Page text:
stress pandemic

Long Term Disability In The Time Of COVID-19

We are all stressed and distracted due to Covid-19.

Isolating at home, unable to spend time with friends and family, homeschooling while working from home, or possibly not working at all.

The uncertainty of when this will end and what our new normal will look like is what makes it more difficult to process.

When we get back to a new normal, and more people return to work, the question will become: “How has this affected you, emotionally?”

I think that we are more anxious than we were before. Many of us can function, but everyone is different, and so are their reactions to this pandemic.

Anxiety levels can be out of control, particularly depending on what you were feeling before coronavirus, what you did for a living, and what how your new normal really looks today.

Reactions Or Overreactions?

You may see someone who has a reaction that seems disproportionate to their situation, or at least it might seem that way to you.

For all those who have difficulty controlling their anxiety, there will also be some who can’t work without feeling stressed, and who will be making claims to their LTD—Long Term Disability—policy that is run through their employer.

My best guess is that we’re going to see more of those claims in the next six months to a year than we ever have before.

There are always claims for stress and anxiety, as well as psychological injury, related to specific events.

This is a major catastrophic event for all of us: emotionally, financially, and so on. The longer it goes on, the more we will suffer collective PTSD (Post-Traumatic Stress Disorder) and individuals will experience psychological trauma that may impact their ability to either return to their jobs or do their jobs if they are able to return.  


Think of it this way: Someone who has a car accident and was not depressed prior to the incident, but has pain, will probably try to live with the pain, treat it and go on.

But six months later, some of those people will become depressed.

What made them depressed? Ultimately, it’s the accident, which caused the pain, that made them depressed. Dealing with pain and trying to ‘get over’ the situation is harder for some than others.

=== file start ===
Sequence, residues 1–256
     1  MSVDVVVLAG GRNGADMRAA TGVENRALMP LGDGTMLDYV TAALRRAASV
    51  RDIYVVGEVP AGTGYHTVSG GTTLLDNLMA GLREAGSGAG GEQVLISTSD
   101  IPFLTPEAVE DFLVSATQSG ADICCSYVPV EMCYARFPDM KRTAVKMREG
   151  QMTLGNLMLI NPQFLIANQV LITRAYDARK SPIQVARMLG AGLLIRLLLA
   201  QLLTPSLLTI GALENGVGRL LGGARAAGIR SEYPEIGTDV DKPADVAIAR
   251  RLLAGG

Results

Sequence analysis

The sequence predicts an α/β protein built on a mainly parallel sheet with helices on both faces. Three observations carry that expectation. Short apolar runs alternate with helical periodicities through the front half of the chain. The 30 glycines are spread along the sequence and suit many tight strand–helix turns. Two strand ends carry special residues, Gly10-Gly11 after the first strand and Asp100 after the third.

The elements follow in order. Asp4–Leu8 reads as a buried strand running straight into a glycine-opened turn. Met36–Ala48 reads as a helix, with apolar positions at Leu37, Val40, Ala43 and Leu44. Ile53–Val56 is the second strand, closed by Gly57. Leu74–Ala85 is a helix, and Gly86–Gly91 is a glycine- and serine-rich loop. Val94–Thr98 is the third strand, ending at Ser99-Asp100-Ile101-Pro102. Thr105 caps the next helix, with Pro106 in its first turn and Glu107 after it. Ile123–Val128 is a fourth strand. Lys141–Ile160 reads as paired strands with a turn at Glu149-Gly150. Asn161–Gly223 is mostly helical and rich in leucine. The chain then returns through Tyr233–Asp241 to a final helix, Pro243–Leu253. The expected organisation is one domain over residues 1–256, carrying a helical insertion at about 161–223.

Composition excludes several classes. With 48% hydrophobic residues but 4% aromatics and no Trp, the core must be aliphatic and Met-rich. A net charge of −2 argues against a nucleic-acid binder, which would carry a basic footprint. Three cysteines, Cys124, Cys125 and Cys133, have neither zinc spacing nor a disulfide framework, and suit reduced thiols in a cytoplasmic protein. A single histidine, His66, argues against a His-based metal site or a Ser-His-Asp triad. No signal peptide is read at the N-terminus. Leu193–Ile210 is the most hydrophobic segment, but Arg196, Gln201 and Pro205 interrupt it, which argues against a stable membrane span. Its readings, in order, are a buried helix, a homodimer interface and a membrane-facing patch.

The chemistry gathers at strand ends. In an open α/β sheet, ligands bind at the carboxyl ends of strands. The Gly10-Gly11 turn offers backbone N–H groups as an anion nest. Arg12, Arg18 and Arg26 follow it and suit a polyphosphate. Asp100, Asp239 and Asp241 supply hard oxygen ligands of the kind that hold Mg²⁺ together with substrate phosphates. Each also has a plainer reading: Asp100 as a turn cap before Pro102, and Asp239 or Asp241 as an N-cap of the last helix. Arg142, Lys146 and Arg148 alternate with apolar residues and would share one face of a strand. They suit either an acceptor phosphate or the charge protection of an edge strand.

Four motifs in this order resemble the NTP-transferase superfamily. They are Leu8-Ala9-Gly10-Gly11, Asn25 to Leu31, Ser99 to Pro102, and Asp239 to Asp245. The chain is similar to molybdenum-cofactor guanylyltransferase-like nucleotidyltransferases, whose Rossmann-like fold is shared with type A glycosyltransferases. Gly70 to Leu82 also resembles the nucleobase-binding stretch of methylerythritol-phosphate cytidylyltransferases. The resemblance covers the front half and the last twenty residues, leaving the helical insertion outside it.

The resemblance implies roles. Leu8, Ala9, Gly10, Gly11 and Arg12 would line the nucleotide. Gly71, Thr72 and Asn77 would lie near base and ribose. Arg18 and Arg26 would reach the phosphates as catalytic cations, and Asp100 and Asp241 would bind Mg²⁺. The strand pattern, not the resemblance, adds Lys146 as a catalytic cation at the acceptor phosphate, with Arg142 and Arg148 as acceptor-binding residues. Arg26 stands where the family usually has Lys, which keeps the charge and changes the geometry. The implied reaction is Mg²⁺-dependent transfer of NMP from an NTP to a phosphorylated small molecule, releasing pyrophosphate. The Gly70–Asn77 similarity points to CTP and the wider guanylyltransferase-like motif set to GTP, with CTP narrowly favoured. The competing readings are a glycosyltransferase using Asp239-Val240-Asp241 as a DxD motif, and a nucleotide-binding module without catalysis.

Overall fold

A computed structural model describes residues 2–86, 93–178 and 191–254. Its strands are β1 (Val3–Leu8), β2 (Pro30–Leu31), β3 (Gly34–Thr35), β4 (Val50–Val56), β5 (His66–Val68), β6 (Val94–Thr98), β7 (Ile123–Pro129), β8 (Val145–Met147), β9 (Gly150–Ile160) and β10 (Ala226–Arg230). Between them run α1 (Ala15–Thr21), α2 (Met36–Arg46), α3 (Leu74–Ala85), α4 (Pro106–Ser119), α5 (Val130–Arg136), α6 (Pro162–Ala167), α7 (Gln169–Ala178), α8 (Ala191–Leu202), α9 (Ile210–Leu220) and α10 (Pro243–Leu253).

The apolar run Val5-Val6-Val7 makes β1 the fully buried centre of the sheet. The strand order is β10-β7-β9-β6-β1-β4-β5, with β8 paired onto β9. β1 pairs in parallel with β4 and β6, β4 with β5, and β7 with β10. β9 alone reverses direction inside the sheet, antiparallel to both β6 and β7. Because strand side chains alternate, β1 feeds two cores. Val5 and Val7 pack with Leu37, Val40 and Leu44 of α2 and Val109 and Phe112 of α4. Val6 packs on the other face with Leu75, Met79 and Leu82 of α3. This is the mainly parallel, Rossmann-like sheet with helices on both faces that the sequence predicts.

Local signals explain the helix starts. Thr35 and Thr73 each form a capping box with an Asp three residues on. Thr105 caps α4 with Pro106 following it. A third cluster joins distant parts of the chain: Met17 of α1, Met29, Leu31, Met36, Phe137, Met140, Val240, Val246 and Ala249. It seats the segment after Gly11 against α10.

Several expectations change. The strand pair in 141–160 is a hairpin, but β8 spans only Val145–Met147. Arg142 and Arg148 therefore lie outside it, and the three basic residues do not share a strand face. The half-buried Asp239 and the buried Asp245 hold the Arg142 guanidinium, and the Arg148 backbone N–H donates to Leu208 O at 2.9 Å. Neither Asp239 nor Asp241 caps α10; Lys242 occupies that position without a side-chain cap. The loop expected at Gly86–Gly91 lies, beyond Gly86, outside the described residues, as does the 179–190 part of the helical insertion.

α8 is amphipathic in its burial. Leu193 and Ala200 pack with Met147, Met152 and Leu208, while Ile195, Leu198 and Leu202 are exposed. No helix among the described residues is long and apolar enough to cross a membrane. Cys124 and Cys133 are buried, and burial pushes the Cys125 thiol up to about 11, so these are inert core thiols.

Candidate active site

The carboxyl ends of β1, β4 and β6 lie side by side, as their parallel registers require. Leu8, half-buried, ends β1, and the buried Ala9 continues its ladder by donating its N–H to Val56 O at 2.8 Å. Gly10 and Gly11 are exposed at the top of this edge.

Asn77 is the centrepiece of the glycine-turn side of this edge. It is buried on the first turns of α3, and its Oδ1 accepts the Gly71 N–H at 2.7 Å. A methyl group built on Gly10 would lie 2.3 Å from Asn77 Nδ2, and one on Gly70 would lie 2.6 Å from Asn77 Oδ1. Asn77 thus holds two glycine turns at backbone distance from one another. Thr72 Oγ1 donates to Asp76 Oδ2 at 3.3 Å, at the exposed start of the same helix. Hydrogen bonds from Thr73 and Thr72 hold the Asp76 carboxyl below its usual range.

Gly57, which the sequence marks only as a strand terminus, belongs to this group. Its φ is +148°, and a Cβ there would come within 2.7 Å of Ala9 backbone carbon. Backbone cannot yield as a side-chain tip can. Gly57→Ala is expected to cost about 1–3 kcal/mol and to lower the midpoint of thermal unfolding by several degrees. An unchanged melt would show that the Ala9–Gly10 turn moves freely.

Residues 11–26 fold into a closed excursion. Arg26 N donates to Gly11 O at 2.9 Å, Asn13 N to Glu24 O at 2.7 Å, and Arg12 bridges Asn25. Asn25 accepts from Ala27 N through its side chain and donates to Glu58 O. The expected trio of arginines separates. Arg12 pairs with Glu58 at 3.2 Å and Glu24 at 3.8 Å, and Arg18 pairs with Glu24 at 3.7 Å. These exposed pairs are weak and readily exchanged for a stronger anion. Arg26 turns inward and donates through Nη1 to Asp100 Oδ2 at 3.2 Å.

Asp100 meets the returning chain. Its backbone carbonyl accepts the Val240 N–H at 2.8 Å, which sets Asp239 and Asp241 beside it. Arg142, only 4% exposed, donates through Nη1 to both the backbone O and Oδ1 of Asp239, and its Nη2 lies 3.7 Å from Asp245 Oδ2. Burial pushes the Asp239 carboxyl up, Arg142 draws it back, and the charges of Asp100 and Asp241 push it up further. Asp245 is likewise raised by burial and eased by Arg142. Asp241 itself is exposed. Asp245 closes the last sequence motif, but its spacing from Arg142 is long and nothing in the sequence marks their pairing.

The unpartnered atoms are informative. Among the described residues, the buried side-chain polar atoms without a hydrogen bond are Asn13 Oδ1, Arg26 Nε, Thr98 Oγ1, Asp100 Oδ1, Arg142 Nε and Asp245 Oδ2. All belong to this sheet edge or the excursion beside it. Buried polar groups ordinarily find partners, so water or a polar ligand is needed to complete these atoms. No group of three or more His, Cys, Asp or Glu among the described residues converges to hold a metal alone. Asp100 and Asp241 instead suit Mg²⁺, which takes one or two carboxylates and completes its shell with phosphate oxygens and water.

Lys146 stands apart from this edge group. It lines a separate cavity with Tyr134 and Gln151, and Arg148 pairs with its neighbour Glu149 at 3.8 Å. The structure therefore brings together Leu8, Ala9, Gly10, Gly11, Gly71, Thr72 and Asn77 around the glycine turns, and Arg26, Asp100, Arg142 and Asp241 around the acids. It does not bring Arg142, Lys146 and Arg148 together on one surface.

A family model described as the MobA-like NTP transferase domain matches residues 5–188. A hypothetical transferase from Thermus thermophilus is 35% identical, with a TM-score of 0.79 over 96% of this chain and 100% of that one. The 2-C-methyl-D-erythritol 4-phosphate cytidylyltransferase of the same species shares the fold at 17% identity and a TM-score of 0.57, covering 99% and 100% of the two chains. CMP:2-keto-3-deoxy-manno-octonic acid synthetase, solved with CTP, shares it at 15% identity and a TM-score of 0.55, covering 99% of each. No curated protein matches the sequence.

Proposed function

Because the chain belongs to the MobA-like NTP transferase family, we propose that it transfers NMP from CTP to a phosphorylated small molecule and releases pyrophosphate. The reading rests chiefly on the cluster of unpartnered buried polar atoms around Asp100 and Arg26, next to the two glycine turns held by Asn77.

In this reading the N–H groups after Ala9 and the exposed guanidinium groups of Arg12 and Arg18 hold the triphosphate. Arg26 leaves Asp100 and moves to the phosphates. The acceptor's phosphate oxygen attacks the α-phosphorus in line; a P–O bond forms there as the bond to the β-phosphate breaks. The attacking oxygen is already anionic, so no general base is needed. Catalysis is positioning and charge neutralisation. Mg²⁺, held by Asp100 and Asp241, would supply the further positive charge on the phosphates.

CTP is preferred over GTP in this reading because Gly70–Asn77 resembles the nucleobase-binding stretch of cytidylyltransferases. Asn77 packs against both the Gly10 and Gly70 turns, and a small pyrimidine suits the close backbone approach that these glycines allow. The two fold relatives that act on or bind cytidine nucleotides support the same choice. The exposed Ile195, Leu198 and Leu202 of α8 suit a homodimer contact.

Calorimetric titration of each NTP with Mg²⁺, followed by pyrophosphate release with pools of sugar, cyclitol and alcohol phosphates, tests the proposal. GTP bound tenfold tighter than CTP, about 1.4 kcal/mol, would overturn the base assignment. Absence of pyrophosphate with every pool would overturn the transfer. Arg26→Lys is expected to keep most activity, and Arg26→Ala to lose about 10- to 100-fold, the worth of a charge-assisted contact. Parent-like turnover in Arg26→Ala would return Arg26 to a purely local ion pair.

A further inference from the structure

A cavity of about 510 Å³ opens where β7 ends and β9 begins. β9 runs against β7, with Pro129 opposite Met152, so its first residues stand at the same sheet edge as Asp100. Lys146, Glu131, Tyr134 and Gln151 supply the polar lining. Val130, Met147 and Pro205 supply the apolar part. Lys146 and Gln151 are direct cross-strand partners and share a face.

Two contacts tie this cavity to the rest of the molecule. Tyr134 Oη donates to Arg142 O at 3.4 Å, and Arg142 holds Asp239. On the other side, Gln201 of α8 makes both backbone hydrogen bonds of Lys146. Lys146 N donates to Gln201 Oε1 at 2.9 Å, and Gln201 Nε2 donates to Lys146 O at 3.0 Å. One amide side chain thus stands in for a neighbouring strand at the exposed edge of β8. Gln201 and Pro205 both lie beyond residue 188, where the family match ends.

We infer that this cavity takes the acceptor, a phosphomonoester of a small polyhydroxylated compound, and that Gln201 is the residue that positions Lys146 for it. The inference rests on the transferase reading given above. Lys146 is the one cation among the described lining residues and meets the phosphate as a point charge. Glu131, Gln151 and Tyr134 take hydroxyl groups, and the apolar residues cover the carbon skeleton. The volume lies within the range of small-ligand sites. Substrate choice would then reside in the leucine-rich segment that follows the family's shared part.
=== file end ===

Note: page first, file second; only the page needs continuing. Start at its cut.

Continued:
COVID-19 is like that accident. Repercussions of this disaster will be felt over the long term. We all hear the news and it’s rarely good; it’s affecting people and their lives in ways we haven’t even begun to realize.

Some will return to work with no problem: they are functioning well now and will continue to do so. But there will be others who may have had anxiety before, a condition that has no doubt been exacerbated by this current situation, and when they return to work, it could peak and become debilitating.

This is why long-term disability benefits exist: for this exact issue.

While accident claims that require resolution over the next two years will go down, with fewer of us out and driving, LTD claims will likely go up.

What we don’t know at this time is how insurance companies will respond to these claims.

For now, pandemics, and COVID-19 in particular, have not been listed as exclusions on LTD policies, but if this virus becomes something that happens every year, insurance companies will likely exclude it.

But for now, that’s not the case for those individuals who already have policies written.

How Will Qualifications Work For LTD, After COVID-19 Restrictions Relax?

Another situation that could arise is when someone who’s laid off due to Covid submits claim.

The laid-off employee wasn’t stressed in the early stages, because they assumed it would be temporary, but four months later, their stress is through the roof and they feel they can’t work when finally asked back to work: Can they claim LTD?

First, having been laid-off isn’t an issue when it comes to qualifying for long term disability benefits.

Next, it doesn’t matter if you’re getting CERB as long as you’re still an employee.

Bottom line? If the issue happened while you were employed, you may still have a claim.

Practically speaking, it’s better to try to work first. Then, if you really can’t function, you have a stronger case. The first thing a defense lawyer will ask is ‘how do you know you can’t work if you haven’t tried?

It’s always a good idea to get ahead of that question. 

That’s not to say you can’t apply for LTD without attempting to go back to work first.

We always look for what’s likely to succeed, because even if you do everything right, you may still be denied.

I usually advise clients to try returning to work first. If you can’t after you’ve tried, then make sure you have medical support—your family doctor, a therapist—who can corroborate your case. The more medical documents you have lined up, the harder it is for the insurance company to deny the claim.

These best practices for long term disability claims existed before this virus, and they’re still true in a time of COVID-19.

The final piece of advice I can offer you if you’re thinking about making a long term disability claim due to stress from the Covid-19 pandemic is to speak to a lawyer.

This situation is changing so quickly that the info you’re reading on other websites may be out of date within days.

Your best bet is to take advantage of the free consultations that many personal injury lawyers offer to make sure you understand the current situation and the best way for you to proceed.


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